Cost of UK Government’s Green Energy Policy

Key Facts and Data for UK General Election 2015

The cost of levies on the average family’s energy bill was estimated in 2011 by Cameron’s own senior energy advisor, Ben Moxham, to be 30% by 2020 or about £300 on a 2010 bill of £1,100 per annum[1].

1          This policy has been operative since the passing of the CLIMATE CHANGE ACT (CCA) 2008[2] and the consequent RENEWABLE ENERGY STRATEGY (RES) issued by the Department of Energy and Climate Change (DECC), headed by the LibDem Ed Davey, in 2009.

2          The RES is being paid for by levies on the private consumer’s gas and electricity bills and a cat’s cradle of levies on industrial businesses.

3          We are seeing about 11% or £120 per annum by 2013/14, i.e. about a third of the way along.

4          A recent (2015) estimate[3] puts further cost by 2020 at £214 per annum.  Both figures are consistent with Moxham’s 2011 estimate of 30% for the whole decade.

WHAT IS THE THINKING BEHIND THE CCA AND RES?

1          This seems to be that “climate change” is caused by “global warming” in turn caused by an increase in the atmospheric carbon dioxide concentration from about 250 parts per million (ppm) at the beginning of the industrial revolution in the 1750s to about 450-480 ppm in the post Second World War period.

2          Up to the 1980s, carbon dioxide was customarily referred to as an unremarkable trace gas with no special function in the atmosphere.  480 ppm is still less than 0.05%.

3          Nonetheless on the strength of a single correlation by a junior American academic allegedly connecting a 0.8 oC increase in global temperatures in the 60 years to 1980 to a 30% increase in atmospheric CO2 concentration over the same period, the Blair, Brown and Cameron governments have all bought into the idea that reducing CO2 emission through the CCA and RES is an absolute priority for the United Kingdom.

CURRENT UK EMISSIONS TARGETS[4]

1          By 2020, 34% reduction below 1990’s level (770 million tonnes of CO2 equivalents).

2          By 2027, 50% reduction below 1990.

3          By 2050, 80% reduction below 1990.

4          By 2020 raise the proportion of electricity generated from low carbon sources[5] to 40% (2009 figure 20%).

HOW ARE THESE TARGETS TO BE ACHIEVED?

1          By shutting down industrial oil and coal-fired boilers, through requiring them by 2015 to meet totally uneconomic sulphur emission targets set by the EU Large Combustion Plant Directive (LCPD).

2          Requiring operators of all carbon-using industrial plant to purchase Renewables Obligation Certificates (ROCs) from non-carbon-using operators and to pay to the Treasury a separate escalating carbon tax in £s per tonne of CO2 emitted[6].  (This from a Chancellor, Osborne, always pledging to support the “March of the Makers”.)

3          By giving to the operators of windmills and solar panels guaranteed contract prices for the electricity they supply to the National Grid two to three times the price charged to the consumer, and up to six times the wholesale price of electricity generated by gas-fired stations.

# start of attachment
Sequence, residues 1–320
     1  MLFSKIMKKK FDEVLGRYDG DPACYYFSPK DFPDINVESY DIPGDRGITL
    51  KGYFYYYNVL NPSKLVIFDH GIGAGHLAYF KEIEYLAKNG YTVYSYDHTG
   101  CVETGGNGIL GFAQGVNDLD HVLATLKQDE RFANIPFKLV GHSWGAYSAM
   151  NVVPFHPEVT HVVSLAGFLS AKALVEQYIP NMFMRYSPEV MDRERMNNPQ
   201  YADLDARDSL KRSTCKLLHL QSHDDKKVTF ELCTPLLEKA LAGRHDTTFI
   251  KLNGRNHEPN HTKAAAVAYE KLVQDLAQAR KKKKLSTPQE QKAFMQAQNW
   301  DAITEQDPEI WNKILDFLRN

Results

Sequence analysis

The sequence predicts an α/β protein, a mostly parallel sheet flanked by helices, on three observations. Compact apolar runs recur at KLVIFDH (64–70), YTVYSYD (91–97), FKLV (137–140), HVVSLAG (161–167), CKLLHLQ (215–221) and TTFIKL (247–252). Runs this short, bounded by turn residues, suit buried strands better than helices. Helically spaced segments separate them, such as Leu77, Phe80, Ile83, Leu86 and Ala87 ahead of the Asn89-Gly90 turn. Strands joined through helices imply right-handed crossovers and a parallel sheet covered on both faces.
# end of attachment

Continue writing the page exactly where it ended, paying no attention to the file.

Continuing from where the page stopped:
4          These charges are recovered by the electricity distribution companies through the levies placed on their customers’ bills and through excess payments they make to the electricity generating companies, which are reflected in customers’ bills.

WHAT DOES THIS MEAN FOR THE SECURITY OF OUR ELECTRICITY SUPPLIES?

1          Our IT based economy is now more dependent on electricity security even than in 2010.  The current policy of depending on wind is actually driving away from energy security, because wind power is highly variable.  In January 2015 wind delivered only about 1% of its claimed capacity.  This is not exceptional: in February 2010 and 2011, wind usage factors dropped to below 1% also[7].

2          The Treasury, through the National Grid, is paying out hundreds of millions of pounds to oil and gas-based generators to keep their plants on stand-by to counteract periods when the wind operators can’t supply.  Even more insane, wind operators are paid to shut down when they deliver too much in the spring and summer months.

IS THERE A BETTER POLICY?

1          Yes, there certainly is – the Secure Energy Strategy4.

2          This does 3 things:

  1. Keeps coal stations going until they are replaced by new nuclear-based electricity;
  2. Expands gas-based electricity to cope with increased demand and to replace wind turbines as they reach the end of their lives (15-20 years);
  3. Removes subsidies in new contracts for renewables[8].

3          We must abandon the 2050 emission targets 1, 2, and 4 above.  But the 2050 target 3 will be more easily achieved with the SES gas/nuclear strategy than with the government’s present green strategy.  There are signs that the National Grid, for one, recognises this.

End Notes

[1] Ben Moxham of the Number 10 Policy Unit.

[2] This was passed in the House of Commons with only 5 (mainly DUP) out of 650 voting against

[3] From the Centre of Policy Studies – the Conservatives own think tank on 15th March 2015.

[4] National Grid Consultation Paper from Prosyma Research Ltd, 12th August 2009: Maintenance of UK Electricity Supplies to 2020 and a Secure Energy Strategy to 2050.  Available at http://britain-watch.co.uk/energy-and-environment/secure-energy-strategy-ses/

[5] Principally nuclear, wind, hydro, solar.

[6] Michael Fallon – as Energy Minister – in 2014 promised to “protect” UK heavy industry from these changes as the German government has for German industry (of course).

[7] “Squaring the Circle” by Stephen Bush and David MacDonald in The Chemical Engineer 2011 (10) pp 30-34.  This is available at http://stephenbush.net/2011/11/squaring-the-circle/

[8] To avoid legal challenges we have to maintain subsidies on existing contracts.


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